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ACLU, Lambda
Legal come out against CDC's proposed HIV testing rules

ACLU, Lambda
Legal come out against CDC's proposed HIV testing rules

The Centers for Disease Control and Prevention wants new rules for HIV testing that could increase the number of people tested for the disease but would also eliminate established safeguards.

Under the new guidelines, patients could get tested without their written consent. According to the American Civil Liberties Union, which opposes the proposed new rules, health care providers could also do away with counseling should a patient test positive for HIV.

"The CDC should be commended for trying to increase the number of people tested for HIV, but eliminating the only safeguards that guarantee that testing is voluntary and informed does little to ensure that people will receive the care they need," Rose Saxe, staff attorney with the ACLU's AIDS Project, said in a statement. "Studies have shown that patients who are tested without consent are less likely to get the follow-up care that is critical to maintaining good health. Receiving an HIV diagnosis is a significant life-changing event. Without pre- and posttest counseling requirements, we risk losing a critical opportunity to educate people about HIV and how to prevent the spread of it."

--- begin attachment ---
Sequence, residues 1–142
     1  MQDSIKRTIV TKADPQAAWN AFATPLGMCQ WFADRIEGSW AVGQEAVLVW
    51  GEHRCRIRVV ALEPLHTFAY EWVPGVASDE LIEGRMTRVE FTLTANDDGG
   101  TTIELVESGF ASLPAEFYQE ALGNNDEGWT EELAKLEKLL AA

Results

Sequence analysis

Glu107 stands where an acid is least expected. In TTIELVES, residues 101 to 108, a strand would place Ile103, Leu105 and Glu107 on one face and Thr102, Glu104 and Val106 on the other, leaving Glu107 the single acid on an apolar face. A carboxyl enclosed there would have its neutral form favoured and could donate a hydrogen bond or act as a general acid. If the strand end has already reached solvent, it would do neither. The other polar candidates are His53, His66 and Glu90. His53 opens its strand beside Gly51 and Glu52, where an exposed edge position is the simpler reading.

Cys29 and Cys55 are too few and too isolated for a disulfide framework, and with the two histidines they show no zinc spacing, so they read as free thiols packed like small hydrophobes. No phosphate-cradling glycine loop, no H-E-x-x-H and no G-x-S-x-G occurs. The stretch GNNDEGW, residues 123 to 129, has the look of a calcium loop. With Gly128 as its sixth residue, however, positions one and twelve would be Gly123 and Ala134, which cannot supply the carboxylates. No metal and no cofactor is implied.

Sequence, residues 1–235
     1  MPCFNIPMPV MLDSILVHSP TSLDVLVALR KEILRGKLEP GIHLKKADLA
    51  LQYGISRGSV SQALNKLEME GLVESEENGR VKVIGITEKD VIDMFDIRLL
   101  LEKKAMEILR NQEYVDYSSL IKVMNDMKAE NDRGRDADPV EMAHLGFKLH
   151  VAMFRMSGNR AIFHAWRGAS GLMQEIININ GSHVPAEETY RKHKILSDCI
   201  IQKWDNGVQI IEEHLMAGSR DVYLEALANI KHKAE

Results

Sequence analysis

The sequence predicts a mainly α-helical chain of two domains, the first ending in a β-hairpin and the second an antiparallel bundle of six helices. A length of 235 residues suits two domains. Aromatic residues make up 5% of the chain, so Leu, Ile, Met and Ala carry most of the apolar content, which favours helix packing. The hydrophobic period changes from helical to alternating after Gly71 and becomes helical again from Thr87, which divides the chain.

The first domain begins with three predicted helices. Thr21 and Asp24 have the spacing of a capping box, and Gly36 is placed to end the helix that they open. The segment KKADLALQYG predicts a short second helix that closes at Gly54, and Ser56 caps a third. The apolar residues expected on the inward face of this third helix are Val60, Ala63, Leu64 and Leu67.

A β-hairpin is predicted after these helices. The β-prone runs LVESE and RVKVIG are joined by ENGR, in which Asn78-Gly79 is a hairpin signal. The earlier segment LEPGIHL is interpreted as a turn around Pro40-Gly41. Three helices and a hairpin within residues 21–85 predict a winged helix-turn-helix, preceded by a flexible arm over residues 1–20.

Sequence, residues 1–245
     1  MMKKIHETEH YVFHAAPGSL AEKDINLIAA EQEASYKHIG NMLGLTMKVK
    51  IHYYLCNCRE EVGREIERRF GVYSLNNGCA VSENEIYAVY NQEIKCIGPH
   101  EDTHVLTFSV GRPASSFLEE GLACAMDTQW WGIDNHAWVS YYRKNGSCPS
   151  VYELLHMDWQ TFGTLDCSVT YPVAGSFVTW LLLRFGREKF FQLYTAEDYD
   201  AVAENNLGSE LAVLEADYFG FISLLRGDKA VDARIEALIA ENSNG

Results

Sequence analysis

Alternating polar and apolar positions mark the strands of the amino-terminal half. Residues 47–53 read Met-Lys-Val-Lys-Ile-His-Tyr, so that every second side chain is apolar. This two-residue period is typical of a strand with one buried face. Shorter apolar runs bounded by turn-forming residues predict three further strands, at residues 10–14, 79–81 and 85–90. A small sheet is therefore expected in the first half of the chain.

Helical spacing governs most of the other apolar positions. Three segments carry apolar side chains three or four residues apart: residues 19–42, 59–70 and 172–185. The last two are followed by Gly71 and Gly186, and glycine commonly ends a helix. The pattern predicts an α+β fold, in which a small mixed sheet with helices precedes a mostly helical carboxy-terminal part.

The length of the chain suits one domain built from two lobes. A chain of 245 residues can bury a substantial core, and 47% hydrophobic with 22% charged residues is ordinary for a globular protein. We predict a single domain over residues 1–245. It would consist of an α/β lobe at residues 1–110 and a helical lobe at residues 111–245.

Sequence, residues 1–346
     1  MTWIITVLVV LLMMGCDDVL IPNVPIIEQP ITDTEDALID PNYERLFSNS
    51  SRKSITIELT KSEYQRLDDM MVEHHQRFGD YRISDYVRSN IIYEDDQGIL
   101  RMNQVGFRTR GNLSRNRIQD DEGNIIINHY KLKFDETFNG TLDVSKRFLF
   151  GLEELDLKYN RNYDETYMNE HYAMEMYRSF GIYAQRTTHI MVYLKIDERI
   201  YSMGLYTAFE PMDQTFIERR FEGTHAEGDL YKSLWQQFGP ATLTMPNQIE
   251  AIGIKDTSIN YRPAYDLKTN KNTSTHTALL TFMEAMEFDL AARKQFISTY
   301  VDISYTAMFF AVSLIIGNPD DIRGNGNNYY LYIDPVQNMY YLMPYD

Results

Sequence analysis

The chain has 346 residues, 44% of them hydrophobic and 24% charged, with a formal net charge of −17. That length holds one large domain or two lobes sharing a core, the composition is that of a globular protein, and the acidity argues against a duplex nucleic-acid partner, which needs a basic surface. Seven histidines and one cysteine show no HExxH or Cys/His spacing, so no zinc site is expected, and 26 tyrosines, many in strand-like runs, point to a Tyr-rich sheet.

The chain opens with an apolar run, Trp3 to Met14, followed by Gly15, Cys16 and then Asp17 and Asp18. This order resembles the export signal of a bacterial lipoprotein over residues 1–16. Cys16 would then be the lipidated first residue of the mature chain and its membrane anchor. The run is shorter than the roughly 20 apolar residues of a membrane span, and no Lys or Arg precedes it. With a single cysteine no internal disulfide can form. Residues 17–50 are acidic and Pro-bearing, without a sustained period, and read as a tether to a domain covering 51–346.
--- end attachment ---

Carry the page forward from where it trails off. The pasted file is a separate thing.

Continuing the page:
Lambda Legal, the gay and lesbian legal advocacy group, also came out publicly against the proposed rules.

"With these revised recommendations, CDC is shirking its responsibility to persons tested for HIV and missing an important opportunity to improve prevention and treatment of HIV infection," Bebe Anderson, Lambda Legal's HIV project director, said in a statement. (The Advocate)

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